Industrial music

Industrial music is a genre of music that draws on harsh, transgressive or provocative sounds and themes. AllMusic defines industrial music as the "most abrasive and aggressive fusion of rock and electronic music" that was "initially a blend of avant-garde electronics experiments (tape music, musique concrète, white noise, synthesizers, sequencers, etc.) and punk provocation".[2] The term was coined in the mid-1970s with the founding of Industrial Records by members of Throbbing Gristle and Monte Cazazza. While the genre name originated with Throbbing Gristle's emergence in the United Kingdom, concentrations of artists and labels vital to the genre also emerged in America, namely in Chicago.

The first industrial artists experimented with noise and aesthetically controversial topics, musically and visually, such as fascism, sexual perversion, and the occult. Prominent industrial musicians include Throbbing Gristle, Monte Cazazza, SPK, Boyd Rice, Cabaret Voltaire, and Z'EV.[3] On Throbbing Gristle's 1977 debut album The Second Annual Report, they coined the slogan "industrial music for industrial people". Chicago-based independent label Wax Trax Records featured a heavy roster of industrial music acts. The precursors that influenced the development of the genre included acts such as electronic music group Kraftwerk, experimental rock acts such as Pink Floyd and Frank Zappa, psychedelic rock artists such as Jimi Hendrix, and composers such as John Cage. Musicians also cite writers such as William S. Burroughs, and philosophers such as Friedrich Nietzsche as influences.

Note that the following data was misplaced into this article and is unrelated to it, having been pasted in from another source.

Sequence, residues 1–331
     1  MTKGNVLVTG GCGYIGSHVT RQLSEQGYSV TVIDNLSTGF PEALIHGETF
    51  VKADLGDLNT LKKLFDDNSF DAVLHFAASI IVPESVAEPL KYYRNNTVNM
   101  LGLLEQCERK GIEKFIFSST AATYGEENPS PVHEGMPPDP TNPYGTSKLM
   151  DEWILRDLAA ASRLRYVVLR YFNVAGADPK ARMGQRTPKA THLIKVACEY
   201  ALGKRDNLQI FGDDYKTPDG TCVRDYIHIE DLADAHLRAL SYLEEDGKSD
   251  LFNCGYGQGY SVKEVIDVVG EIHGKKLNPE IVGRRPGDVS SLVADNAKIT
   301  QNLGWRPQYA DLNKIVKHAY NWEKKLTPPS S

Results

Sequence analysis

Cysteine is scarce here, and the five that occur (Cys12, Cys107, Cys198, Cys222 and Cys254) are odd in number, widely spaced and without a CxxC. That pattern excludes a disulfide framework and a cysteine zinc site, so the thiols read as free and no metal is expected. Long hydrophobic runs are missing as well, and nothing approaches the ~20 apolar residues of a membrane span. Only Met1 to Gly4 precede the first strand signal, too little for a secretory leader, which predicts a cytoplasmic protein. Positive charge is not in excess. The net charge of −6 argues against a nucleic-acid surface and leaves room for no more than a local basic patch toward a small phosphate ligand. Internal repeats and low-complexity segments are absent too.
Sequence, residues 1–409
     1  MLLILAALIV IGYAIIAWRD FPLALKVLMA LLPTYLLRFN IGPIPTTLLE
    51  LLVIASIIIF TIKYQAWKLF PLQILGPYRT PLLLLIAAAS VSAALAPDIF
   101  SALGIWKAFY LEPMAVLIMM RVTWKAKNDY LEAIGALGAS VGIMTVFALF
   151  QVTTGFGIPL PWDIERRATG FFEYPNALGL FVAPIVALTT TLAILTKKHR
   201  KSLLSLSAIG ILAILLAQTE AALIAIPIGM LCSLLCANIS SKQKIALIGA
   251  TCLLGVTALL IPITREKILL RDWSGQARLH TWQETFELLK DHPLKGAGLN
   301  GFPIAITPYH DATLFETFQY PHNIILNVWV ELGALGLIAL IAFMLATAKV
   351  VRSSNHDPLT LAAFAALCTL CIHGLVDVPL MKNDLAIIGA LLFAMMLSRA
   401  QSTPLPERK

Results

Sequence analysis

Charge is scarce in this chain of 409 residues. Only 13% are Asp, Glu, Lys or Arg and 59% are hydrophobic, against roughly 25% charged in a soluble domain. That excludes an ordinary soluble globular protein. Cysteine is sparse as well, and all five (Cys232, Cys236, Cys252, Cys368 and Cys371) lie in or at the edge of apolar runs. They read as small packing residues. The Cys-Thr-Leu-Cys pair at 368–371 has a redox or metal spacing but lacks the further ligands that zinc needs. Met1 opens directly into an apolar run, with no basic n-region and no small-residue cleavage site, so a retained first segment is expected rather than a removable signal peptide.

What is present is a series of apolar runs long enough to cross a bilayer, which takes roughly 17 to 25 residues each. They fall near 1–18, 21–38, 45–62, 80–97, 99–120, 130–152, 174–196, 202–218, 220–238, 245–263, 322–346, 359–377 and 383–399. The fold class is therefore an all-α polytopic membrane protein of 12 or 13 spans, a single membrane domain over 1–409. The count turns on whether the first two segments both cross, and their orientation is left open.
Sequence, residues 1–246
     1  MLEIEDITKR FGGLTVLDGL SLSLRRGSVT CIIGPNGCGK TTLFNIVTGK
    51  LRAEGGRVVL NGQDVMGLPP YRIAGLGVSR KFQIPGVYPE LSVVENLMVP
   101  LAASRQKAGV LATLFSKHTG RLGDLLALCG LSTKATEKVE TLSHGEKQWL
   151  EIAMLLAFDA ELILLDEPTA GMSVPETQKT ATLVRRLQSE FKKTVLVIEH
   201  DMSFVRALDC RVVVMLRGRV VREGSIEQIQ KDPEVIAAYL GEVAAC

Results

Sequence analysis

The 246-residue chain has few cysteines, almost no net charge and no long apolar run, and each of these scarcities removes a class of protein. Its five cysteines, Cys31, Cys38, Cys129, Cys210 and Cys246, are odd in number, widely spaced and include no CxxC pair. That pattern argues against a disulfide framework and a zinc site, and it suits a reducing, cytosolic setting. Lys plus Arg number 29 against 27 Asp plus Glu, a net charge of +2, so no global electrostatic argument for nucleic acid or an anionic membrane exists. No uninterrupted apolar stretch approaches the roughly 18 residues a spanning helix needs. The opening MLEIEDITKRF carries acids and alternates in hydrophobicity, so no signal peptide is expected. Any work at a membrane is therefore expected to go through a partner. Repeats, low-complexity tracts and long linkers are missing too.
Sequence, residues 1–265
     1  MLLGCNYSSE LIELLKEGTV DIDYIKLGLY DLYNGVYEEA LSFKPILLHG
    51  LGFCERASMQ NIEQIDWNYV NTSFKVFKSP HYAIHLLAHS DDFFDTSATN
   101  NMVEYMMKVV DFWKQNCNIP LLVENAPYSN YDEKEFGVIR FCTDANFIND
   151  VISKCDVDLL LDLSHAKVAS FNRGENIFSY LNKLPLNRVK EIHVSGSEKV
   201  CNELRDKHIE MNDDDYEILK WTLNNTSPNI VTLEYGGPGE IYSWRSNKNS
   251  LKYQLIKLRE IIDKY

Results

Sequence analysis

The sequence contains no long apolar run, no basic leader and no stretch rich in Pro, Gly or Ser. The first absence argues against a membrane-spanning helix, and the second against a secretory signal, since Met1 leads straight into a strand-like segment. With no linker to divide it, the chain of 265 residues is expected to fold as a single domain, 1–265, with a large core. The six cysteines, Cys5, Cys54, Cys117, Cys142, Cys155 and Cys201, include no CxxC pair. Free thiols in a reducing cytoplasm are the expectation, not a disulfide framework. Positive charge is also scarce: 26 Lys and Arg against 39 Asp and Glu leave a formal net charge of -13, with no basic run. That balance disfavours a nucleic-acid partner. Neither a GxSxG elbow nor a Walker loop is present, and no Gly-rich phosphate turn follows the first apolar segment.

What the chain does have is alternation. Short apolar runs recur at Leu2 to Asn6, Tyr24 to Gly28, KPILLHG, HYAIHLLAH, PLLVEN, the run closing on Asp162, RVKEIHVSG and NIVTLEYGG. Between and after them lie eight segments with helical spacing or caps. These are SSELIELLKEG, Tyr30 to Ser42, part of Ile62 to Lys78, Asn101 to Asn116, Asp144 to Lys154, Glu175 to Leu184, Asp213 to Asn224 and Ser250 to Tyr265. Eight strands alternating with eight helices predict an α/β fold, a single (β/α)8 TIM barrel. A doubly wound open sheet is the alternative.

While the term was self-applied by a small coterie of groups and individuals associated with Industrial Records in the late 1970s, it was broadened to include artists influenced by the original movement or using an "industrial" aesthetic.[4] Over time, the genre's influence spread into and blended with styles including ambient, synth music and rock such as Front 242, Front Line Assembly, and Sister Machine Gun from the Chicago-based Wax Trax Records. Electro-industrial music is a primary subgenre that developed in the 1980s. The two other most notable hybrid genres are industrial rock and industrial metal, which include bands such as Nine Inch Nails, Ministry, Skinny Puppy, and KMFDM, the first two of which released platinum-selling albums in the 1990s.



Frank Zappa and Captain Beefheart in 1975, cited as inspirations by Herman Taylor

Industrial music drew from a broad range of predecessors. According to the Oxford English Dictionary, the genre was first named in 1942 when The Musical Quarterly called Dmitri Shostakovich's 1927 Symphony No. 2 "the high tide of 'industrial music'."[5] Similarly, in 1972 The New York Times described works by Ferde Grofé (especially 1935's A Symphony in Steel) as a part of "his 'industrial music' genre [that] called on such instruments as four pairs of shoes, two brooms, a locomotive bell, a pneumatric drill and a compressed-air tank".[6] Though these compositions are not directly tied to what the genre would become, they are early examples of music designed to mimic machinery noise and factory atmosphere.

In his book Interrogation Machine: Laibach and NSK, Alexei Monroe argues that Kraftwerk were particularly significant in the development of industrial music, as the "first successful artists to incorporate representations of industrial sounds into nonacademic electronic music."[7] Industrial music was created originally by using mechanical and electric machinery, and later advanced synthesizers, samplers and electronic percussion as the technology developed. Monroe also argues for Suicide as an influential contemporary of the industrial musicians.[7] Groups cited as inspirational by the founders of industrial music include The Velvet Underground, Joy Division, and Martin Denny.[8] Genesis P-Orridge of Throbbing Gristle had a cassette library including recordings by the Master Musicians of Jajouka, Kraftwerk, Charles Manson, and William S. Burroughs.[9] P-Orridge also credited 1960s rock such as The Doors, Pearls Before Swine, The Fugs, Captain Beefheart, and Frank Zappa in a 1979 interview.[10]